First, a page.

Corbyn Backs Tory MP's Call to Drop Charges Against Royal Funeral Protesters
16:48 GMT 14.09.2022 (Updated: 15:21 GMT 28.05.2023)
Four people have so far been arrested for protesting against the monarchy and new sovereign King Charles III, often silently. The royal family, currently leading the 10 days of official national mourning, have yet to comment.
Former Labour Party leader Jeremy Corbyn has backed a Tory former minister's calls for police to drop charges against protesters against the monarchy.
The two veteran backbench rebels found themselves on the same side over the arrests of up to four people in Edinburgh and London for holding placards with republican slogans during the official mourning for Queen Elizabeth II, who passed away last week at the age of 96.
"I wrote to the Chief Constable of Police Scotland yesterday, expressing my concern that an anti-monarchy protester has been charged by police. Since I wrote to him, a second protester has been charged," Davis, the former Conservative Party chairman and Brexit secretary, tweeted on Tuesday.
"At a time of national mourning, we should all ensure that we behave respectfully," Davis wrote. "But we must not sacrifice the principle of free speech upon which modern Britain is built. I am a staunch monarchist, but republicans have as much right to voice their opinions as anyone else."
"Well said David," Corbyn replied.
© Jeremy Corbyn/TwitterFormer Labour Party leader Jeremy Corbyn backs Conservative MP David Davis' call for police to drop charges against two republican protesters
Former Labour Party leader Jeremy Corbyn backs Conservative MP David Davis' call for police to drop charges against two republican protesters
A woman was arrested on Sunday outside Edinburgh's St Giles Cathedral, where the queen's coffin was to lay in state, and charged with breach of the peace for holding up a cardboard sign reading: "F*** imperialism. Abolish monarchy."
The woman, who identified herself only by the given name Mariángela, said her arrest was "clearly a violation of freedom of speech, which is supposed to be enshrined in the laws of the United Kingdom," adding: "If I’m not allowed to express my opinion, I don’t see how that law is being observed."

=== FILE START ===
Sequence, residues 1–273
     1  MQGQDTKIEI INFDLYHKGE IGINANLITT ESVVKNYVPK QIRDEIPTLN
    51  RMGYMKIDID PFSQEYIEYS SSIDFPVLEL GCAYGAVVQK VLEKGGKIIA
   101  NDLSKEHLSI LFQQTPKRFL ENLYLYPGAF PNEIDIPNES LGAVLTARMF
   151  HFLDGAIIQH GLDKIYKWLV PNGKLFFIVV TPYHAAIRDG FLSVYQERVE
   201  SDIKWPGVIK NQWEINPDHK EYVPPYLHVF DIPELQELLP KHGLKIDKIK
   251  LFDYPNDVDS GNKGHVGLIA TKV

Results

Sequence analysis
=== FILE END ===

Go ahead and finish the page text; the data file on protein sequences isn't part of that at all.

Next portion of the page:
And on Monday, Police Scotland said two men, one aged 22 and another aged 52, had been arrested for the same offence on the Royal Mile, where the queen's funeral procession was accompanied by Charles, his sister Princess Anne and brother Prince Andrew on foot.
It was unclear whether either of those arrests were linked to a heckling incident where one spectator shouted "Andrew, you're a sick old man!" as the group passed.
Also on Monday, Barrister Paul Powlesland was threatened with arrest outside the Houses of Parliament after holding up a hand-written card reading: "Not my King" — in apparent reference to new monarch Charles III.
Powlesland said he travelled to the capital after hearing that police were clamping down on free speech. He said constables asked for his name and address, saying "I wanted to make sure you didn’t have bail conditions."
The barrister said that when he asked what offence he was committing, the officer replied vaguely: "I don’t know, someone may be offended by it."
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Corbyn had already tweeted his objections to the arrests earlier that on Tuesday
"The arrests of republican protestors is wrong, anti-democratic and an abuse of the law," the left-winger wrote. "People should be able to express their views as a basic right."
Corbyn, who has served as an MP since 1983, now sits as an independent MP after his successor Sir Keir Starmer ordered his suspension from the Labour party and withdrew the parliamentary whip from him.